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John Wesley paid the first of 39 visits in 1750. The 'Round-house' or 'Pepper-box' chapel, King Street, opened in 1764, was replaced by St. Peter's Street (designed by William Jenkins) in 1812. Canterbury belonged to the widespread London Circuit until 1765. A Day School opened in premises behind the chapel in 1871, with new classrooms added in 1877, and Kent College for Boys opened in 1885. The Religious Census of 1851 records 1,100 seats and an average attendance in the morning of 418, in the afternoon 82 and in the evening 828.

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St. Peter's still looks much the same outside but the inside has undergone changes over the years.Originally there was an oval gallery with the organ below the central three-decker pulpit said to have been modelled on the one in Wesley's Chapel in City Road, London. The communion table stood behind it and was curved to fit against the wall; it was sold when alterations were carried out in 1976. Earlier alterations had cut back the gallery, set the pulpit to one side, lowered it by one tier and put choir pews at right angles to the apse on either side of the dais. . The communion rail remained across the apse. In 1976 the sanctuary area was enlarged and the pulpit lowered even more. The latest alterations, leaving the church with greater flexibility, were completed in 1998.

A PM chapel in St. John's Place, Northgate was registered in 1839 as part of a mission under the Hull Circuit; it became a separate Circuit in 1859. In 1851 the chapel was recorded as having 100 free sittings and 400 'others', with a morning attendance of 62, and 100 in the evening. A new chapel opened in The Borough in 1876.

The former WM and PM circuits were amalgamated in 1936, and the two town societies, St. Peter's and The Borough, were united at the same time, with the Borough premises being used for youth work.


John Wesley's Journal:

January 1750: 'The congregation in ther evening was deeply serious, and most of them present again at five in the morning. I hope God will again have much people in this place, who will worship Him with more knowledge and as much earnestness as their forefathers did the Virgin Mary, or even St. Thomas a Becket.'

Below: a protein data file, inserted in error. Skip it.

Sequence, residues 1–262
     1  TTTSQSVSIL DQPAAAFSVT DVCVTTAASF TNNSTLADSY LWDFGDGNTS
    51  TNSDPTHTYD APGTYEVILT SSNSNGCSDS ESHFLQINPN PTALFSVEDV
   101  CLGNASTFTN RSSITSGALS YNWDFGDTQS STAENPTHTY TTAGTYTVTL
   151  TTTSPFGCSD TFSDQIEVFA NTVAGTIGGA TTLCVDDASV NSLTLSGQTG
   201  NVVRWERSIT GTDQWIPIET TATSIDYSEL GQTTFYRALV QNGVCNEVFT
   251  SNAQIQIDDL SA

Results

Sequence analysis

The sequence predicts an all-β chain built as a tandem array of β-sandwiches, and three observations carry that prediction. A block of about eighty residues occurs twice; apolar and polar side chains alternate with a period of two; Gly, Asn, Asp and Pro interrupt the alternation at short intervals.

December 1750: 'A few turbulent people made a little noise as I found it was their custom to do. Perceiving more of them were gathered the next night, I turned and spoke to them at large. They appeared to be not a little confounded, and went away as quiet as lambs.'

March 1757: 'I went with T[homas] Walsh to Canterbury, where I preached in the evening wth great enlargement of spirit, but with greater in the morning, being much refreshed by the sighr of a large number of soldiers.'

October 1758: 'I found reason to rejoice over this little flock, now free from all divisions and offences.'

August 1764: 'I … opened our new chapel by preaching on "One thing is needful".'

Visitation Returns from Canterbury parishes:

1758: St. Alphage: Six reputed Methodists, all of low rank. St. Andrew: Four Methodists… I have only to add that that the Methodists attend Church and the Sacrament ver regularly. St. Margaret's: Methodists have a Meeting-House here even in yourt Grace's Palace to which great numbers of the lower sort, though few of an Note resort. The Teacher's nam e is Perronet, whether ther number is lessened or increased I cannot say. St. Mildred's: Of Methodists, one family, who however constantly attend divine Service on the Lord's Day, & the Sacrament of the Lord's Supper, whenever administered.

1786: St.Alphege with St. Mary Northgate: Many people in this Town go to the Cathedral in the mornng; to the Pesbyterian Meeting in the aftrnoon, and to a Methodist Meeting at Night. - The number of this people is not likely to be lessened.

1806: St. Cross: [5 Methodist families reported ] who attend Meeting, but not the Church.

  • John A. Vickers, The Story of Canterbury Methodism (1961)